We were on the trail of one who had been a student there in the late nineteenth century. The hunt took us to the library, where we were surrounded by an embarrassment of helpful librarians. We gave the name of the man and approximate dates of his attendance. Very quickly, they found him in their database and then flurried about the shelves bringing us a plethora of books that contained mentions of him, his works, his years at the school, etc. The willingness to be of help and the information provided were most impressive. Genealogically, we gleaned a more precise date of birth and an address that enabled our search of Paris records to be much more fruitful. We also learned the name of a brother who had attended the school as well.

Should your ancestor have been either a student or a professor at the Ecole des Beaux Arts, it would be possible to learn much more about him or her by visiting, ringing or writing to the library. 

Bibliothèque de l'Ecole nationale supérieure des beaux-arts

14 rue Bonaparte

75006 Paris

tel: (+33) 1 47 03 50 00

Métro: Saint-Germain des Prés

Hours: Mondays: 14.00 to 18.30; Tuesdays through Fridays: 11.00 to 18.30


©2011 Anne Morddel

French Genealogy

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FamilySearch Is Becoming Useful for French Genealogy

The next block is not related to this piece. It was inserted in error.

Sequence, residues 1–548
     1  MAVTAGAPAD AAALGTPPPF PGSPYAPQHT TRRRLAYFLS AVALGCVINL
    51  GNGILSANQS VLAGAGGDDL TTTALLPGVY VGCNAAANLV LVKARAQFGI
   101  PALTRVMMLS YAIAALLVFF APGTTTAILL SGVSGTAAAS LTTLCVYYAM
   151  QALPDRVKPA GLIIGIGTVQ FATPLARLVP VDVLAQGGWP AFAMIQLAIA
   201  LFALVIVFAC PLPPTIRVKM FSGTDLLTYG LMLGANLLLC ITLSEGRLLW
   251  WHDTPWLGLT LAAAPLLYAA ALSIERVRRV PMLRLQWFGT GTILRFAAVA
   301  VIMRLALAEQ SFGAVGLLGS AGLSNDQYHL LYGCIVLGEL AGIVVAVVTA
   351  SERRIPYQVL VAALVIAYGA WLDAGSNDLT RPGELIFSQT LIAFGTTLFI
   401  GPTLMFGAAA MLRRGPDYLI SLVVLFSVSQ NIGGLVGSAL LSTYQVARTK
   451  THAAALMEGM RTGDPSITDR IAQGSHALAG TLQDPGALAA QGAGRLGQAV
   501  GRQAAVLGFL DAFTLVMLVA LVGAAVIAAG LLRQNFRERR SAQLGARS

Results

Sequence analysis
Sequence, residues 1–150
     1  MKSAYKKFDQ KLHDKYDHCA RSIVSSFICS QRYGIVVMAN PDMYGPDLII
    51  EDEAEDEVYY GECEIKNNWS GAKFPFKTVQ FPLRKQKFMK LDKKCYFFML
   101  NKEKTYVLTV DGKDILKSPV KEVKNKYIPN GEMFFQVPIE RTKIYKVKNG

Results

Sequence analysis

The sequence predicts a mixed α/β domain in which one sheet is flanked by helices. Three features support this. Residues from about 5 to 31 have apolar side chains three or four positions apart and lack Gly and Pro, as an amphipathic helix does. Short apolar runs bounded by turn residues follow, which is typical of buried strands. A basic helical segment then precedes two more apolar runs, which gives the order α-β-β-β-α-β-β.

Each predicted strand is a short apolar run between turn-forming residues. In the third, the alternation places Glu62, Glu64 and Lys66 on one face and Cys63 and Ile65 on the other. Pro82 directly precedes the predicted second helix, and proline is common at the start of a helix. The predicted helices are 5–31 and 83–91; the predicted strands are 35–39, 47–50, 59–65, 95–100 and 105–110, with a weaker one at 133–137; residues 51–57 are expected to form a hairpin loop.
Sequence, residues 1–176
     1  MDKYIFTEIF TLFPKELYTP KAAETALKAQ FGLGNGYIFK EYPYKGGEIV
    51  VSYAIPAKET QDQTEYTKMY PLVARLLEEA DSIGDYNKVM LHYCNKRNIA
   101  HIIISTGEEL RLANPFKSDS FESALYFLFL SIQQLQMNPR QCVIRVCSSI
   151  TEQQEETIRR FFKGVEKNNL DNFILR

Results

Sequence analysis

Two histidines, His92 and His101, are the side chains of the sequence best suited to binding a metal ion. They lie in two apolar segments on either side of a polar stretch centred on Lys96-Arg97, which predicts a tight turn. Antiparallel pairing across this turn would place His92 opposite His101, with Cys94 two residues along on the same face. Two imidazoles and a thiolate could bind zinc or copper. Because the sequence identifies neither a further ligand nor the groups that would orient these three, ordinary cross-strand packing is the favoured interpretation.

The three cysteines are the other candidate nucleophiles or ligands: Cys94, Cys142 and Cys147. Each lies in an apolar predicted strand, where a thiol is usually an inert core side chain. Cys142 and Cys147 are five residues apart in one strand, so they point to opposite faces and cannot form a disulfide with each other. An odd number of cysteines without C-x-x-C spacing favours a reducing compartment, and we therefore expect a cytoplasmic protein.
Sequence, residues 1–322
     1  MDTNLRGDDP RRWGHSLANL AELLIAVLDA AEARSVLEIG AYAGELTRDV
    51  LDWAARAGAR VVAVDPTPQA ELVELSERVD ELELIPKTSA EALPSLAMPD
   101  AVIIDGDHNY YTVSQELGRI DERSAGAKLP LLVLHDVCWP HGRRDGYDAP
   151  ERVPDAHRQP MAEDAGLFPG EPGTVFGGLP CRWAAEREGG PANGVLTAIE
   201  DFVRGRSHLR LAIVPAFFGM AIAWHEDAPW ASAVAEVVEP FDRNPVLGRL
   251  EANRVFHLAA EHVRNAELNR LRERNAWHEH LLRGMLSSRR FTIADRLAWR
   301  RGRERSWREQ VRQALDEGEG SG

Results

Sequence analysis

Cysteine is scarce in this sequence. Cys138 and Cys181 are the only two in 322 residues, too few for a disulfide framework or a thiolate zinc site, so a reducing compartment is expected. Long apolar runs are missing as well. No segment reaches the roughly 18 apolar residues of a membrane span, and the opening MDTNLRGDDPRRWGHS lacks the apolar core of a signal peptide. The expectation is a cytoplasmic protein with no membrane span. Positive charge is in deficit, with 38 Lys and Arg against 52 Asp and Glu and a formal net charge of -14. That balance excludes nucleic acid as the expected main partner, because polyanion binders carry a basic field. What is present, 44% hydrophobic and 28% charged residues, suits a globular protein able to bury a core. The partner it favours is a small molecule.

Postcard Bretagne small


We have long despaired that one cannot get easy access to the parish registers of the department of Finistère, that land's end part of western France whence so many Bretons went to the New World. The Departmental Archives of Finistère have, as yet, no website. They used to bluntly refuse to discuss the topic. For ages, there has been a tiny message on the general administrative website for the department's local government that the archives will have a website "soon".

Now, somewhat more than 95,000 parish registrations from 1772 to 1909 for the Finistère diocese of Quimper and Léon can be found on FamilySearch. This is delightful news! 

At the time of this posting, FamilySearch has only six historical record collections for France, some more appropriately titled than others. In addition to the Quimper and Léon diocese registrations are:

We recommend that you keep an eye on FamilySearch's French section. It seems to be moving from having only the almost fraudulently misleading to putting up some really quite useful records.

©2011 Anne Morddel

French Genealogy